In Fibre Channel networks comprising a switching fabric, such as shown in FIG. 1, switches 30 communicate to each other over switch-to-switch links via Expansion or “E”-ports. A part of each switch's function in the network is to generate a Link State Record (“LSR”) 99 that completely describes the connectivity of a switch to all switches to which it is directly attached. The LSR 99 generated at a switch is communicated to all other switches connected to that switch to provide the switch fabric with information such as the status of each switch port. The ANSI Fibre Channel Switch Fabric-3(FC-SW-3) rev 6.01 (NCITS) working draft proposed American National Standard for Information Technology (Jun. 1, 2002), incorporated herein by reference, describes in greater detail the composition of the LSR that is communicated. For instance, as described in the proposed ANSI Fibre Channel Switch Fabric-3 standard, basic information included in the LSR includes, but is not limited to: whether a particular port is up, the speed of a link connected to the port, e.g., 1 Gbit/sec, 2 Gbit/sec, etc., the LSR age, an options field, a length, checksum bytes, etc.

Typically, the LSR header is 24 bytes having a configuration as follows:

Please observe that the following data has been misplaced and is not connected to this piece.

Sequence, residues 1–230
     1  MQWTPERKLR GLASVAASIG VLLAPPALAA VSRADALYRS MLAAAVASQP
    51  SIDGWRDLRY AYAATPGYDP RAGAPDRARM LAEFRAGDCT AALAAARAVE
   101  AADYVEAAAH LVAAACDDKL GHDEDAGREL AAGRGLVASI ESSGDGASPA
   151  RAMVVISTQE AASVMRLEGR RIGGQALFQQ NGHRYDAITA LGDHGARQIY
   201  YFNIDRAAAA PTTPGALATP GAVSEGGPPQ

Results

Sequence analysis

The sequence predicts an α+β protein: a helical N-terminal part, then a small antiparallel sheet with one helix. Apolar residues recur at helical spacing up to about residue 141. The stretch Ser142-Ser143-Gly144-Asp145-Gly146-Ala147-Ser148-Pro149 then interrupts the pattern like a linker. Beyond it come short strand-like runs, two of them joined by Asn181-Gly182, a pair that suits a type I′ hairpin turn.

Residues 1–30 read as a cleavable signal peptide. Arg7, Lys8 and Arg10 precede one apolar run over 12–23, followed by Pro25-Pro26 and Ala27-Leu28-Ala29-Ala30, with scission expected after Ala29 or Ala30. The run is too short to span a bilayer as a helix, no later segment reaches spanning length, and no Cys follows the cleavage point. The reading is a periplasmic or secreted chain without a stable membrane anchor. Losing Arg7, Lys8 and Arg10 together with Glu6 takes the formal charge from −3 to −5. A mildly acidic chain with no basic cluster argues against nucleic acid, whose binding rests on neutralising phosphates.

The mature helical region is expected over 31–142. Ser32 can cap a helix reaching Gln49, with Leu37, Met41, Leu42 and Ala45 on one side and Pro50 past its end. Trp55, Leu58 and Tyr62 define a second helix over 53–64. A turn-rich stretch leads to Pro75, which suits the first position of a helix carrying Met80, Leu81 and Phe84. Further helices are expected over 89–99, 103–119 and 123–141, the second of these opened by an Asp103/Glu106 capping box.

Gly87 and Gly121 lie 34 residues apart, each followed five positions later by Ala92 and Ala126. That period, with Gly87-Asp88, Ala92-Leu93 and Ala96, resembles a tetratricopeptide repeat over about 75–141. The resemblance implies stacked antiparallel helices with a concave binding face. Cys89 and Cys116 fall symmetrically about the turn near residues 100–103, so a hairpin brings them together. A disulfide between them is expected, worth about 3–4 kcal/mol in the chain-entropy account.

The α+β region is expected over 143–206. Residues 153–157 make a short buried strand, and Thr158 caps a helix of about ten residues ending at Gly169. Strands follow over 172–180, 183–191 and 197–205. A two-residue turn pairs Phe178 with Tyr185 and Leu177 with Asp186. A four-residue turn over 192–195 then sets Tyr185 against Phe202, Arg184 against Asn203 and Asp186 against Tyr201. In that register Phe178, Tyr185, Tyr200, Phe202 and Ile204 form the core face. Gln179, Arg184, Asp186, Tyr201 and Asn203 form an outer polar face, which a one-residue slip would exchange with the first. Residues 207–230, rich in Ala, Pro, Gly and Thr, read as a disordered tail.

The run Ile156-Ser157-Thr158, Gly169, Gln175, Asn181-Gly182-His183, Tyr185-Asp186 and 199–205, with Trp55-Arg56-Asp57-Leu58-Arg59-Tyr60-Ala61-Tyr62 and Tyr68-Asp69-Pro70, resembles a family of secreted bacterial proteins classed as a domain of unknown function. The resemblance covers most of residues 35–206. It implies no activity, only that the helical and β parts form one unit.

byte 1 Type
byte 2 Reserved
bytes 3-4 LSR Age
bytes 5-8 Options
bytes 9-12 Link State ID
bytes 13-16 Advertising Domain ID
bytes 17-20 Link State Incarnation
bytes 21-22 Checksum
bytes 23-24 LSR Length

From this information, whenever a switch comes up in the Fibre Channel network, it may then look at the speed of the link and the number of hops to determine the cost of a particular path, the proposed cost being a combination of the speed of the links versus the number of switches it goes to. From this information, a shortest path may be calculated using a well known algorithm, e.g., a Fabric Shortest Path First (FSPF) path selection protocol. A more detailed description of the FSPF algorithm may be found at the T11 standards website at section (8) of the D Switch Fabric-2 specification, revision 5.4, incorporated by reference herein.

Within a Storage Area Network (SAN) a path selection process for routing frames only considers the link cost in the fibre channel switched fabric to determine the best path for routing frames through fibre switches. The link cost is a measurement that is calculated by the following formula: